Pages 336 pages
Publisher Westminster John Knox
This book appears in the following featured collections.
- Commentaries by Female Scholars by John Dyer
A bit light on detail, but still an excellent, balanced commentary from a critical perspective.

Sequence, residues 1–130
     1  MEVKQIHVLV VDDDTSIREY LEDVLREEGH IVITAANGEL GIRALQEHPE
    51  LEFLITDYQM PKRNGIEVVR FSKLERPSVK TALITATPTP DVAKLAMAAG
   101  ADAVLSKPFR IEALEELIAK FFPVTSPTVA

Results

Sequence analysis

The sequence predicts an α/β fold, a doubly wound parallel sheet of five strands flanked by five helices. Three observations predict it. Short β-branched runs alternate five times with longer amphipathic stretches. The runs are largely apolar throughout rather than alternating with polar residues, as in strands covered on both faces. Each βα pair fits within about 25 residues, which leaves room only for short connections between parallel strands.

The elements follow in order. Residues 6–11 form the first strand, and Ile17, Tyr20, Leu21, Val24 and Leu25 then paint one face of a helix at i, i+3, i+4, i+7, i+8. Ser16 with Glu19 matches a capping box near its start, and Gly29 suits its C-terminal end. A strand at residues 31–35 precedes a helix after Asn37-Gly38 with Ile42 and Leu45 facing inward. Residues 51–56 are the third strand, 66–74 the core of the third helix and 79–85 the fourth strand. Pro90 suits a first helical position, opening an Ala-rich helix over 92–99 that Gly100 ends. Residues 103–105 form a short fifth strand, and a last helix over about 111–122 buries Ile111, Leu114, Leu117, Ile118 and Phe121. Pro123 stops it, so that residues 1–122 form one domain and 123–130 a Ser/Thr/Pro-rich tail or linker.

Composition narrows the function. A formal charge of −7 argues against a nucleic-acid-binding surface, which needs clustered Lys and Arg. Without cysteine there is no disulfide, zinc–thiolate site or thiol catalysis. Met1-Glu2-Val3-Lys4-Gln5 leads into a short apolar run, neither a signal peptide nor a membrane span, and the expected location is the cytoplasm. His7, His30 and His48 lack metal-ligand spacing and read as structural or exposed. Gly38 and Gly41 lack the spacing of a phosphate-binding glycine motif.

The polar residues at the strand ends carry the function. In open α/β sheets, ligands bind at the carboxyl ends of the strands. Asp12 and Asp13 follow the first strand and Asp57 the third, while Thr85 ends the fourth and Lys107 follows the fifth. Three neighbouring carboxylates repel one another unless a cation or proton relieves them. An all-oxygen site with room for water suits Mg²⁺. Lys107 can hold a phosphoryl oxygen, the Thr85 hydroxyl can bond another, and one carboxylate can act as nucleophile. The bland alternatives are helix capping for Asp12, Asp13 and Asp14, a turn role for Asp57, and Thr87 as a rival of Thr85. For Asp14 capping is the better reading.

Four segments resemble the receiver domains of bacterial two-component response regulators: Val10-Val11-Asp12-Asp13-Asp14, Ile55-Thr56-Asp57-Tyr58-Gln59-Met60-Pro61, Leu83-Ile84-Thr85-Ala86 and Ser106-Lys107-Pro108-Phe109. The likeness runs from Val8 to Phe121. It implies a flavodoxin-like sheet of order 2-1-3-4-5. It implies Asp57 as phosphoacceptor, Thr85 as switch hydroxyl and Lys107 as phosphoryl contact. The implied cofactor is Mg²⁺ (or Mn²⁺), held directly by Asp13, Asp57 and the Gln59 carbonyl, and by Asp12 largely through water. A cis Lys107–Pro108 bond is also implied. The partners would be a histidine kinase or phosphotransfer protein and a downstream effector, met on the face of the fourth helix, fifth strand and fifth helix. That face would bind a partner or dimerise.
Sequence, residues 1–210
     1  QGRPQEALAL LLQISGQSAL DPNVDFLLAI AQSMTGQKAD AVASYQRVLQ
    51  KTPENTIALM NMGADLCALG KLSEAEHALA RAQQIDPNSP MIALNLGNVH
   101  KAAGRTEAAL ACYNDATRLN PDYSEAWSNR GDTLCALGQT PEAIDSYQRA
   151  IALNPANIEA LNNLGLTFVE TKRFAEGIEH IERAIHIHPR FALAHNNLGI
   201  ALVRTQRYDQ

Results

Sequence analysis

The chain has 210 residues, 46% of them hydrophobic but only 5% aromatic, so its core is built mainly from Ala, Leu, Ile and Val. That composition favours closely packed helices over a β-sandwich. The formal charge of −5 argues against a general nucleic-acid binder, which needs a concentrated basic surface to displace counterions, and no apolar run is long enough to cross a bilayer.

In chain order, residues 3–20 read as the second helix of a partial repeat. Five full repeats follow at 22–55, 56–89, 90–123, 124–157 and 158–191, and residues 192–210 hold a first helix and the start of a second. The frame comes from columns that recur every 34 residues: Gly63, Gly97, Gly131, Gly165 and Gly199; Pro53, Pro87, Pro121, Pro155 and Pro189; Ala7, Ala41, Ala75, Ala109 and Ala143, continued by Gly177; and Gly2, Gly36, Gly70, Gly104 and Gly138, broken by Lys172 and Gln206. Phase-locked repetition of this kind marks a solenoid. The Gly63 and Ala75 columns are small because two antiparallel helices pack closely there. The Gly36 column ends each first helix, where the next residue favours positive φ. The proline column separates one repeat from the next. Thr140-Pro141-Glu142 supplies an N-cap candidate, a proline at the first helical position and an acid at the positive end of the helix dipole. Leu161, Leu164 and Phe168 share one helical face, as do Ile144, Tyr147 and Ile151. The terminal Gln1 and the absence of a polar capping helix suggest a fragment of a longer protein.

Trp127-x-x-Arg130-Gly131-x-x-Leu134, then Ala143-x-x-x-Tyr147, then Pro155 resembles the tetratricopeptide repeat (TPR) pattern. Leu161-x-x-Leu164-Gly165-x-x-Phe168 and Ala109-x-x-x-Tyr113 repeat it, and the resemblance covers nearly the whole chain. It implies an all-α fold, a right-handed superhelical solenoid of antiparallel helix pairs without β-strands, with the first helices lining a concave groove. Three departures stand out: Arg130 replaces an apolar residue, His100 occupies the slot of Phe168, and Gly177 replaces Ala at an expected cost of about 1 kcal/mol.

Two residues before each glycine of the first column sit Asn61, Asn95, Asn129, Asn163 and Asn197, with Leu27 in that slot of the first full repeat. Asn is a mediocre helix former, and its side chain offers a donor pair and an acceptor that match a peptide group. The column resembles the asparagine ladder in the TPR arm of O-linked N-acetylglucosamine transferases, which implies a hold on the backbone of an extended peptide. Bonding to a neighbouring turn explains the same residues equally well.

“To be a good biblicist is, in fact, to be a good folklorist”—thus writes Susan Niditch in the preface to her commentary on the book of Judges. And indeed her contribution to the awareness of the importance of folklore and oral literature to the study of biblical literature is tremendous and significant. She is the author of Underdogs and Tricksters: A Prelude to Biblical Folklore (1987) and of Folklore and the Hebrew Bible (1993). Her influential book Oral World and Written Word, which was published in 1996, became a basic book for everyone who is interested in biblical studies. Niditch also deals with the ethics of violence and in this context wrote War in the Hebrew Bible: A Study in the Ethics of Violence. The book of Judges, which is a collection of war stories whose protagonists are frequently regarded as epic heroes, is the appropriate opportunity to combine her two fields of interest. Here she promises the reader that her commentary “offers an exciting opportunity to study closely one rich collection of biblical tales from the perspective of the field of early and oral literatures” (vii). Naturally, this approach influences the whole commentary from the beginning to its end. The introduction (1–26) is already different from the customary introductions we are used to. For example, it does not include entries such as “Title” or “Composition and Structure. [Full Review]